Species of the month: August - Slow worm

Let us know if you've seen some on our form below

Slow worm by Bruce Shortland

Common Name: Slow worm

Scientific Name: Anguis fragilis

Identification: Often mistaken for a snake the slow worm is in fact a legless lizard. Males are a uniform grey or brown colour, with some sporting blue markings. The slow-worm is much smaller than a snake and has smooth, golden-grey skin. Males are paler in colour and sometimes sport blue spots, while females are larger, with dark sides and a dark stripe down the back.

Diet: Slow moving invertebrates such as slugs, snails and worms.

Behaviour: Slow-worms are cold-blooded and so need to sunbathe before they can move around. They can be found in heathland, tussocky grassland, woodland edges and rides where they can find invertebrates to eat. They are often found in mature gardens and allotments, where they like hunting around the compost heap. The hibernate from October - March.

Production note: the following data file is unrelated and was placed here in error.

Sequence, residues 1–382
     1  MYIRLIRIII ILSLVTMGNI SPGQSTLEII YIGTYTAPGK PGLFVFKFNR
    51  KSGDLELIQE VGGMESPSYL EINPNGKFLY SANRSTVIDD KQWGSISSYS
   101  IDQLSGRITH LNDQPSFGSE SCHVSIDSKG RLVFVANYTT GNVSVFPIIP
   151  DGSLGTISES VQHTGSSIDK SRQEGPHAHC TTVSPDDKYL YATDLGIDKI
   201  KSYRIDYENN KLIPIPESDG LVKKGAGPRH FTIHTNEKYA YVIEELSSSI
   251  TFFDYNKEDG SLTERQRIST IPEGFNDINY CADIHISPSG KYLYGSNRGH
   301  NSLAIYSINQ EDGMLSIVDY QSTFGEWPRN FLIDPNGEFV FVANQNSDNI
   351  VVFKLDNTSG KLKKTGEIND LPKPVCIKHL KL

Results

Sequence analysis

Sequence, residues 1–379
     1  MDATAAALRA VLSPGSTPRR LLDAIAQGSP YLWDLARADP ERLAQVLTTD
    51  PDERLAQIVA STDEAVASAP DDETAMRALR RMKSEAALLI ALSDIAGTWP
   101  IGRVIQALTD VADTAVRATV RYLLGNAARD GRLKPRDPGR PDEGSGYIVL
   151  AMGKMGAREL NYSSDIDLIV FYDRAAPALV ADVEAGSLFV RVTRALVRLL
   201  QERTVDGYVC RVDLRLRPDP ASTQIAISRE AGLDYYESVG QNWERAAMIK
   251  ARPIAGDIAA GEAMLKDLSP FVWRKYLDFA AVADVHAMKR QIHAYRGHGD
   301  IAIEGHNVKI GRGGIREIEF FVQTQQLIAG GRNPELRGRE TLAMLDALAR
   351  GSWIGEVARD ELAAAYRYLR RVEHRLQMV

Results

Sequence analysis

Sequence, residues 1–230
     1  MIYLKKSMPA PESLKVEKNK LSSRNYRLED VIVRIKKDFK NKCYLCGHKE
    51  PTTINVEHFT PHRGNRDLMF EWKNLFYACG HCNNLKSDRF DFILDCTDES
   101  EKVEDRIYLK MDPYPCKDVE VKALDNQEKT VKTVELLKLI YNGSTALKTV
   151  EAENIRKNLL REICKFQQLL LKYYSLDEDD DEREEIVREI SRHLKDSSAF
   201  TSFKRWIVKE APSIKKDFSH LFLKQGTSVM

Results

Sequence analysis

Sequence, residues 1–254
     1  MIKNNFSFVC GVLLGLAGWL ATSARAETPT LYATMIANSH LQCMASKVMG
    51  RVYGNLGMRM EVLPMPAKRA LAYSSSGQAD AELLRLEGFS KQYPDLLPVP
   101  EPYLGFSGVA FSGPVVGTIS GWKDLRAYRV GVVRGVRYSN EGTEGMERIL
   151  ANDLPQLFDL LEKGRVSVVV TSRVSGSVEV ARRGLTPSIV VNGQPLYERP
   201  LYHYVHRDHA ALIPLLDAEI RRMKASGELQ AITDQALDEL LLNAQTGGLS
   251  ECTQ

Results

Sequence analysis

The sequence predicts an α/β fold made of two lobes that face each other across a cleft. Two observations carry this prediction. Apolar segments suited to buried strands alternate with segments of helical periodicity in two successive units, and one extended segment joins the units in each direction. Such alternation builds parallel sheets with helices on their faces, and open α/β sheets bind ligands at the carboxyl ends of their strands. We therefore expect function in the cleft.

Factoid
  • During courtship, the male takes hold of the female by biting her head or neck, and they intertwine their bodies. Courtship may last for as long as 10 hours. 

  • Slow worms are protected in the UK under the Wildlife and Countryside Act, 1981 which makes it illegal to catch, kill or sell the species.

Where can they be found?:

Dorset Wildlife Trust reserves where you might see slow worms include:

Wildife Gardening Tips:

  • Create a compost heap in your garden- they love the warm atmosphere and will have plenty to eat too.
  • Log piles and stone piles provide somewhere to hibernate and/or bask plus places to find prey!
  • Put a bell on your cat collar as they often catch and kill slow worms
  • Do not use slug pellets in your garden as these will be ingested by slow worms too!

Let us know if you've seen a Slow worm below...

Your Slow worm details
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